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    Member Array CenterOfMass's Avatar
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    Let's take another look at what a true warrior believes:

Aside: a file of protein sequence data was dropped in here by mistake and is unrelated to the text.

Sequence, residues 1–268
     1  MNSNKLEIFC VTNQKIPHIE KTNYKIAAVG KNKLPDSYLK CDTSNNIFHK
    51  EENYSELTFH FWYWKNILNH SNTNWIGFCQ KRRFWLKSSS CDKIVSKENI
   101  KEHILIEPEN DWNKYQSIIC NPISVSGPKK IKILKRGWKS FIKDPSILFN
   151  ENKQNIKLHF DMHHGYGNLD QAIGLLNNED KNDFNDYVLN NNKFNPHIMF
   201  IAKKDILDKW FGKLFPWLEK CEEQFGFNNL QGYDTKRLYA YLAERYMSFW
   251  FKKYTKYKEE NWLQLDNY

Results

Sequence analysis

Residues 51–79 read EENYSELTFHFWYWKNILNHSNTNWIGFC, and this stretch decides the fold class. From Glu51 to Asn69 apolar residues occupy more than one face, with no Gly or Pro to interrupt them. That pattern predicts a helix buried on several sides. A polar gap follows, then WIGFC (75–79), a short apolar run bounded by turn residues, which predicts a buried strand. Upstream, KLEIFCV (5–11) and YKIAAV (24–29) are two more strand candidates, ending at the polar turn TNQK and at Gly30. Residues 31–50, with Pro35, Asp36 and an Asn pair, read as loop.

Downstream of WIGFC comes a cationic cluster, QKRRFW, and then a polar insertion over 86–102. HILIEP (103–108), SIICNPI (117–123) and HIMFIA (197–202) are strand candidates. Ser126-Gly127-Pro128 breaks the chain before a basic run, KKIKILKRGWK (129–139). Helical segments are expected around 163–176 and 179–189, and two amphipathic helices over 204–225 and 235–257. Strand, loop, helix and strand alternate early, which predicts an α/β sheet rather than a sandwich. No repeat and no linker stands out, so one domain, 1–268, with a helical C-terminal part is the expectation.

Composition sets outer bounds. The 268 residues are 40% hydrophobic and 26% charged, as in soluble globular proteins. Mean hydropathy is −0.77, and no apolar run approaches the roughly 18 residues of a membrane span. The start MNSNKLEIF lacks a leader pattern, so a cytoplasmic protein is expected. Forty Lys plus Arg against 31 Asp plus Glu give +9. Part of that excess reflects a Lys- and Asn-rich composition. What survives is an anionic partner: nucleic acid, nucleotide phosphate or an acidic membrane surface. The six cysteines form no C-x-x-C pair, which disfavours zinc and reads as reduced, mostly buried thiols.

This is well written by a retired Marine!